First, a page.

Sir Bradley Wiggins believes Mark Cavendish still has “another couple of big wins in him” despite the Manxman ending his season early after being diagnosed for a second time with Epstein-Barr virus, the condition that can cause glandular fever.
The 2012 Tour de France champion knows Cavendish better than most – the Manxman rode alongside him with Team Sky on that race, and they have also been team mates on the road for Columbia and Great Britain – was speaking on the latest episode of his Eurosport Vodcast, the Bradley Wiggins Show.
Last week, Cavendish’s Dimension Data team said he was taking a total break from racing and training as a result of his diagnosis.
Asked by vodcast host Adam Green whether the virus helped explain Cavendish’s results this season – a solitary stage win at February’s Dubai Tour was his first victory in nearly a year – Wiggins said: “I wouldn’t say he’s been that horrendous this year.
“He’s been up there. The crashes he had as well, starting back at San Remo, Dubai earlier in the year [actually Abu Dhabi – ed], he’s had some horrific accidents which you have to put that form down to because you have to build back up from those crashes.
“But obviously he looked really skinny as well this year, skinnier than I’ve seen him for a long, long time, he didn’t look his normal powerful sprinting self.
“He obviously struggled in the Tour and he even said himself he had some moments of good form this year, but I think it was just the consistency which perhaps he put down to the time lost through the crashes.
“I spoke to him last week, I think he’s quite relieved now that he knows what it is, I think he can now start looking towards next year.
“Cav puts a lot of pressure on himself and he takes that leadership role importantly, thanks his team mates, thanks the staff, because he takes it very personally when he doesn’t win for everyone around him, he really feels that responsibility.
“So I think that’s where the relief comes from now, it wasn’t really a physical thing, he’s not used to coming out of the season without winning much, he always comes out of the season with a few victories, so I think to put it down to something gives him hope for the future.”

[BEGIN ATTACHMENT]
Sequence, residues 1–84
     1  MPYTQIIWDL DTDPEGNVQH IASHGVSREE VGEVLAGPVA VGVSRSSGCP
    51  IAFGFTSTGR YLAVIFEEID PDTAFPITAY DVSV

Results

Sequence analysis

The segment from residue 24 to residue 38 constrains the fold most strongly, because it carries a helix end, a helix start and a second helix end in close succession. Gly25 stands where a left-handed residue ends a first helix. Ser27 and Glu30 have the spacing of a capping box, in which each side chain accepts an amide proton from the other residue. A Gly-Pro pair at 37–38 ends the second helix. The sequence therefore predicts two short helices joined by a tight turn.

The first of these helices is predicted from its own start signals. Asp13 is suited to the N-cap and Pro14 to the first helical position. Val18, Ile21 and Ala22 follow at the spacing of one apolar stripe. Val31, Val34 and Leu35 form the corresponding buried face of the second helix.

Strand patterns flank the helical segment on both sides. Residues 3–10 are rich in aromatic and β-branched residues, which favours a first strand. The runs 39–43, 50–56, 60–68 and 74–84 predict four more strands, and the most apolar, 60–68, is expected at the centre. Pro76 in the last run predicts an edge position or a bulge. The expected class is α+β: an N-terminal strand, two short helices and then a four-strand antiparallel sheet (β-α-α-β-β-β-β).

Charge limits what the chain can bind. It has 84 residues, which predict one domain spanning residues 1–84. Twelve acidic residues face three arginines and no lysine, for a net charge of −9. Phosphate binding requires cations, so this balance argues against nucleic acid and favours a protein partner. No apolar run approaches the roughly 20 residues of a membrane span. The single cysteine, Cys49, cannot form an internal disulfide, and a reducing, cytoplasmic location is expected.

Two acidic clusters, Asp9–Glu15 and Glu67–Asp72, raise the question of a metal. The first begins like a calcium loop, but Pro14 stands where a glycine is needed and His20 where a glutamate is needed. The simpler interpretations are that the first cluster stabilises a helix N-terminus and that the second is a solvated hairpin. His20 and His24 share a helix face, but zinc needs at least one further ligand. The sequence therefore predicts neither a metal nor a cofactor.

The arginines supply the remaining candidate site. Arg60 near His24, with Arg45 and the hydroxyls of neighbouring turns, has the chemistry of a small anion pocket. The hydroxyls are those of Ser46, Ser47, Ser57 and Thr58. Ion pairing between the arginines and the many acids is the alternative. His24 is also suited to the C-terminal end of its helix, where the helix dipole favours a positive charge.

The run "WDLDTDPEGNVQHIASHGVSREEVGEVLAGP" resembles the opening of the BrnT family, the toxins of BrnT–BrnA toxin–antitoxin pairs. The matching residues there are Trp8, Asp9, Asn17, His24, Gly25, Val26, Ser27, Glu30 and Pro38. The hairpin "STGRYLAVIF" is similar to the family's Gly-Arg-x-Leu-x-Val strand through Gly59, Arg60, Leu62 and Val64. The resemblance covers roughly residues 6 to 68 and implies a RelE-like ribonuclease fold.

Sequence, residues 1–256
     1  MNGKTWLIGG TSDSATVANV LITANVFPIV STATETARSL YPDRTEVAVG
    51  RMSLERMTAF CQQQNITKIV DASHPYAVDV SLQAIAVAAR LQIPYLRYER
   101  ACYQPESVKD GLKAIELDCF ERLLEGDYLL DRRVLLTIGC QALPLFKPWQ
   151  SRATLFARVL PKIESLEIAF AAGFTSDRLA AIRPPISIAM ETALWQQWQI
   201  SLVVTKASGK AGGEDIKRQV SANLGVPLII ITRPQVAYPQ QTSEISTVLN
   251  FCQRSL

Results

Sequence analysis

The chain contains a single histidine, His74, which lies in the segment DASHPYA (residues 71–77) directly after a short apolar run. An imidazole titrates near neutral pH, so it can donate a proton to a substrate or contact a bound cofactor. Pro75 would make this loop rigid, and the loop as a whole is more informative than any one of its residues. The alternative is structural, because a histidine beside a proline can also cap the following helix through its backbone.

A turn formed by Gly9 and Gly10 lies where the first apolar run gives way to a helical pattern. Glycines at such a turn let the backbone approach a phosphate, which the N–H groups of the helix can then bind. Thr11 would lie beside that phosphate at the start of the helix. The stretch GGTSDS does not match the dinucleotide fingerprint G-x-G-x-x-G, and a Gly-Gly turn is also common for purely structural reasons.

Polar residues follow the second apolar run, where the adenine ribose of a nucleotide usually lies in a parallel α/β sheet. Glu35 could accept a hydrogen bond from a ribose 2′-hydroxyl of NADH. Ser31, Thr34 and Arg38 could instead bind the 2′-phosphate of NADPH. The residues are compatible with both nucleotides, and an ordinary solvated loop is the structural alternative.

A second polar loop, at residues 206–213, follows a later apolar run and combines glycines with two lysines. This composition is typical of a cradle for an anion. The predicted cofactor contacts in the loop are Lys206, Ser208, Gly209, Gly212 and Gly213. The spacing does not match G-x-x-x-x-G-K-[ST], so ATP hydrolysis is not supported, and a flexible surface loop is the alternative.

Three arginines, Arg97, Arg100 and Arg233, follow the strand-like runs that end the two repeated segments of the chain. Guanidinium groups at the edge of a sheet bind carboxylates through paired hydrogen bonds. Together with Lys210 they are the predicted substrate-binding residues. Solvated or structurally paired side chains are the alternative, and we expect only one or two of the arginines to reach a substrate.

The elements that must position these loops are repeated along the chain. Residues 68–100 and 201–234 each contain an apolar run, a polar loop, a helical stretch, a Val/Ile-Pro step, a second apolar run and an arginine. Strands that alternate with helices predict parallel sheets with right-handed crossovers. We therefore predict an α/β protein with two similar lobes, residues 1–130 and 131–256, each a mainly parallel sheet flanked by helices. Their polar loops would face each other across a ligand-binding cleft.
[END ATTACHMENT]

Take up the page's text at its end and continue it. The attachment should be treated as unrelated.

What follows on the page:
Asked whether he thought Cavendish would return, Wiggins said: “He’s 34 next year, which is hard to get your head around, but he’s become one of our greatest ever and he’s steeped in British cycling history.”
When Cavendish won four stages at the 2016 Tour de France to bring his career haul to 30, it seemed a case of when, not if, he would surpass Eddy Merckx’s all-time record of 34 stage victories at cycling’s biggest race.
However, his exit last year after a crash on Stage 4 and his early departure this year when he was outside the time limit on Stage 11 – each time without securing a stage victory – mean the record is looking increasingly out of reach, although his place as the most successful sprinter in the race’s history has long been secured.
“It’s become the norm to see him winning two, three, four, five stages at the Tour every year,” reflected Wiggins, who in 2012, wearing the yellow jersey of Tour de France champion, led out Cavendish on the Champs-Elysees as the Manxman took his fifth consecutive – and to date, last – win on the final stage.
“This and last year I think were the first times he didn’t win a stage for a long, long time [the previous one was in 2014 when he crashed on the opening day in Harrogate – Ed].
“You know he is coming towards the end of his career and I think there perhaps are faster sprinters now as we saw in July and there’s a new generation coming through, which is natural and happens to everyone, but it’s certainly not the end of him.
“He’s certainly got another couple of big days in him, wins somewhere, whether that’s a reinvention of himself , I don’t know.”
Cavendish’s last major one-day result was in the World Championships in Qatar in 2016 when he finished second to Peter Sagan, while his last serious challenge at Milan-San Remo – a race he won in 2009 – came in 2014, when he was fifth behind Alexander Kristoff, although Wiggins added that it is one “he can still win.”
Born in Scotland, Simon moved to London aged seven and now lives in the Oxfordshire Cotswolds with his miniature schnauzer, Elodie. He fell in love with cycling one Saturday morning in 1994 while living in Italy when Milan-San Remo went past his front door. A daily cycle commuter in London back before riding to work started to boom, he's been news editor at road.cc since 2009. Handily for work, he speaks French and Italian. He doesn't get to ride his Colnago as often as he'd like, and freely admits he's much more adept at cooking than fettling with bikes.